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Talking To Handler About Out Of Control SD

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Chance

How You Doin'?
 
 
Barked: Sun Sep 1, '13 4:29pm PST 
How would you go about expressing your concerns to a handler in this situation?
My style in something like this is to be blunt and, if necessary, brutal with my honesty but I don't want her to dismiss me as a *witch* and something bad happens due to the dog.

Woman lives up the street. Has a large Irish Wolfhound mix that is 4 years old, maybe 5. Have known this dog since he was a puppy and he is one of the worst behaved dogs in the area.

She has MS and a month or so ago, she told several of us that the dog is her SD. Then she said "assistance dog" because "they" changed the legal definition.

His task is to pick her up when she falls down.
99% of the time, she has fallen down because the dog has pulled her down.
And he doesn't stick around to pick her up, he's running around or chasing someone's pet or harassing a passerby and has to be caught by someone else.
She has had several broken bones this year and she always has skinned or freshly bloodied knees from him pulling her down.

The week before, he ripped the leash out of her hand to attack someone's cat. He actually had the cat in his mouth.

5 or 6 days later, he ripped the leash out of her hand again to enter onto private property to chase another cat. The only reason he didn't get that cat is because we got him slowed down enough that the cat was able to run through a hole in the fence next to our house a split second before the dog got to the hole.

She doesn't feel the attacks on cats are a problem because he's a dog and dogs chase cats.
Animal control could deem his to be an aggressive dog because it is against the law in this county for a dog to go off its property and attack another animal but she says that can't happen because they were just cats outside.

I've seen him so out of control when seeing another dog that he was rearing and lunging on his Gentle Leader and barking and growling at the other dog.
He pulled her down last year and jumped a friend's dog that is fear reactive to dogs larger than her.
The reaction to other dogs is not a problem according to her because he "just wants to say hi."

A few days ago, she told a neighbor she just had someone come to her house to "certify" him as an SD so she can take him on airline flights.

If we are out, she always wants to stop by so he can say hi to Chance.
He isn't allowed to play with Chance because he is a bully. Chest bumps to try to knock other dogs over, jumping up onto the back, etc.

He hasn't been by since the last cat attack but we don't want her bringing him anywhere near Chance in case she loses control of him yet again.
I don't want to witness him attacking a cat or small dog that is in a bad place at a bad time.
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Happy

The Boy Wonder
 
 
Barked: Sun Sep 1, '13 7:39pm PST 
Personally I'd find a good trainer in your area (preferably one with some service dog experience) and next time you see her casually mention you noticed that she was having a little problem with him pulling and mention that you could recommend a good trainer to help her. The dog might just need some training. But at this point it's impossible to tell without seeing. This leaves you out of the situation but still offers some help. If that doesn't work I'd call animal control, because if the dog is that big and unsafe I don't want to come across it in public. That's the kind of thing that can ruin a working service dog.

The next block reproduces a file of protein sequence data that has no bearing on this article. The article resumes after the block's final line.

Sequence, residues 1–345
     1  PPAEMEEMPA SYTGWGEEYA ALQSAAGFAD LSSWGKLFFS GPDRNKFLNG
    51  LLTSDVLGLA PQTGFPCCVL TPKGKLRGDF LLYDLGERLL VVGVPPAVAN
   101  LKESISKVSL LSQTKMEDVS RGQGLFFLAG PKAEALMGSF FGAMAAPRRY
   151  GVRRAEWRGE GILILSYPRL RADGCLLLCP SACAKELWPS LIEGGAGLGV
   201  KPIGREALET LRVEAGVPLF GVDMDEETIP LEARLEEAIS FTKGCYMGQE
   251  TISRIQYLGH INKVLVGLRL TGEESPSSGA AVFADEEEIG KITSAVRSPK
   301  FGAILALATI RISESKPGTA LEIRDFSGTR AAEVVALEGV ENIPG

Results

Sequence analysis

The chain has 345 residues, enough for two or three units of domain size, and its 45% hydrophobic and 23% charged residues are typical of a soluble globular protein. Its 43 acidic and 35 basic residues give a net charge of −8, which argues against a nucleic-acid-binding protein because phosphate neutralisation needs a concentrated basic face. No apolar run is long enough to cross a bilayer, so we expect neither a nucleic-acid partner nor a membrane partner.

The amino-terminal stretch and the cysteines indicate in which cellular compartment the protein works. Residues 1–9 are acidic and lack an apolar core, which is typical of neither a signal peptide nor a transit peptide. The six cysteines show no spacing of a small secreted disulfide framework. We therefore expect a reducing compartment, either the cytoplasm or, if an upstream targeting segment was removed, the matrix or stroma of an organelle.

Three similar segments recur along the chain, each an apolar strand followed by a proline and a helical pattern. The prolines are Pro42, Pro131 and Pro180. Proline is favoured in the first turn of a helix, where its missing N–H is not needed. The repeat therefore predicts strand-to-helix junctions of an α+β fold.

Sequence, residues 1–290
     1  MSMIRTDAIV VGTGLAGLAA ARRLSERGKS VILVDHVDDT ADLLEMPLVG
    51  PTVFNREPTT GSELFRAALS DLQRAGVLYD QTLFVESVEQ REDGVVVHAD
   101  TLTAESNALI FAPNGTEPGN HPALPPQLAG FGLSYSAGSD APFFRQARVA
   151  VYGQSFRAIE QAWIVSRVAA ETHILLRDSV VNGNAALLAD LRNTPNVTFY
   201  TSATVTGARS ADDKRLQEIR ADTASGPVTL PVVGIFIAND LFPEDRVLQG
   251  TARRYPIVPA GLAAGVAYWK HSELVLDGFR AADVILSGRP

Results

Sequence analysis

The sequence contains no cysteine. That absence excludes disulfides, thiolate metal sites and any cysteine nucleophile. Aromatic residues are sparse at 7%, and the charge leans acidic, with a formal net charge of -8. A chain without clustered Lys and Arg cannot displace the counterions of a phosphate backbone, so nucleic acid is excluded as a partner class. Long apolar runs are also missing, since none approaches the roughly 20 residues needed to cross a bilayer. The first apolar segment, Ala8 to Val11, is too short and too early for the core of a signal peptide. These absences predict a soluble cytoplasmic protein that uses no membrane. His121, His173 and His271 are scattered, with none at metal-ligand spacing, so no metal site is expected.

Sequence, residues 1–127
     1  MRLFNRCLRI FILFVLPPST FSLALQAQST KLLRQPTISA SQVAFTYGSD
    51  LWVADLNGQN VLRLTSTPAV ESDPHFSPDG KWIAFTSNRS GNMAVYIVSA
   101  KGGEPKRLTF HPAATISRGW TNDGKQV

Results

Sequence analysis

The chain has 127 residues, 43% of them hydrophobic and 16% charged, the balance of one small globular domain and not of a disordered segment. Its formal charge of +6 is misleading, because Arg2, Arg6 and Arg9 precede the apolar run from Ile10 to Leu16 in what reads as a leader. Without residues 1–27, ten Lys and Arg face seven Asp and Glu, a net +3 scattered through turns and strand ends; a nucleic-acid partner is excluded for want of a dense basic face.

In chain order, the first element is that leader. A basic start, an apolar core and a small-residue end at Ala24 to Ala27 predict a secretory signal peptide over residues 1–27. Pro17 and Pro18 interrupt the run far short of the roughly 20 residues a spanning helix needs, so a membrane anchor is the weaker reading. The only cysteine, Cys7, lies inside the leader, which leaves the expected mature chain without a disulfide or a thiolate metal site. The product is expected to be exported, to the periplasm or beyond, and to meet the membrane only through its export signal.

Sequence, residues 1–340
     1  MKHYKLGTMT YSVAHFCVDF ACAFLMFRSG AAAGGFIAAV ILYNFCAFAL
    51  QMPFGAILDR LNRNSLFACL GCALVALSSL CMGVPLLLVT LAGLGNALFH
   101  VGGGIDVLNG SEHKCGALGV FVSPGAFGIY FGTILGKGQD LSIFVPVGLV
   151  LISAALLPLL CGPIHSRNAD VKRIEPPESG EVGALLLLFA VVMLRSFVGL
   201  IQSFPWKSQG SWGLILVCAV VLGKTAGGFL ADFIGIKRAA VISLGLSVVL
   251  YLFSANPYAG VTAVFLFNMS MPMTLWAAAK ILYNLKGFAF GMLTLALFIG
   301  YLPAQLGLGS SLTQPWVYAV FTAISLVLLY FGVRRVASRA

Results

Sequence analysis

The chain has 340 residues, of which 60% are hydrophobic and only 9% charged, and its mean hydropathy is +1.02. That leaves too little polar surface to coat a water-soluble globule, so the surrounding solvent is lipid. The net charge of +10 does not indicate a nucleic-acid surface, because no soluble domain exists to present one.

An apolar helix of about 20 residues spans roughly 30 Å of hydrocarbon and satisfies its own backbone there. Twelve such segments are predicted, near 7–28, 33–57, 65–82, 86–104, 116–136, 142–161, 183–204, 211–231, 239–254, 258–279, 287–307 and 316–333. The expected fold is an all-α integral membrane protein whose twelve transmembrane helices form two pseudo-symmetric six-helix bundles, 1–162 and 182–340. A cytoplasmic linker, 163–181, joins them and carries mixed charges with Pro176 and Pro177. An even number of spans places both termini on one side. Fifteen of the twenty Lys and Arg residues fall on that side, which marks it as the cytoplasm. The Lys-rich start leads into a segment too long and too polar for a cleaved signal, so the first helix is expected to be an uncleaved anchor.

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Chance

How You Doin'?
 
 
Barked: Sun Sep 1, '13 11:05pm PST 
I can try suggesting a trainer but don't know how much good that will do.

When the dog was an older puppy/young adult, she decided he was "dominant" because her family would leave his Gentle Leader on when he played, part of the GL would slip into his mouth and he'd chew through it.
So she hired a private trainer who made them stop talking to him, stop socializing him, stop petting him, stop playing with him and stop exercising him for 3 or 4 weeks.
Then the trainer came in and employed aversive techniques to stop the "dominance."
It "worked" for a while but the dog eventually learned to ignore these techniques to the point he was sustaining injuries.
And he ended up being even more out of control than he had been.

She did recently pay for a "calm and control" class (based off of "Control Unleashed) at a good training facility 1/4 mile away.
But she never bothered to show up for a single class.

I also found out that she has been telling people that the dog bit her recently.

My biggest concern is one of the little kids in the neighborhood is going to be between the dog and a cat and get seriously injured the next time she loses control over him.

Animal control said the owner of the attacked cat has to contact them and file a complaint. The handler is involved with the rescue that adopted out the cat and another pet to the cat's owner. Once she found out she could get in trouble for the attack, she started voicing "concerns" that the rescue may have to seize both animals for their "safety." I don't see the cat owner filing a complaint.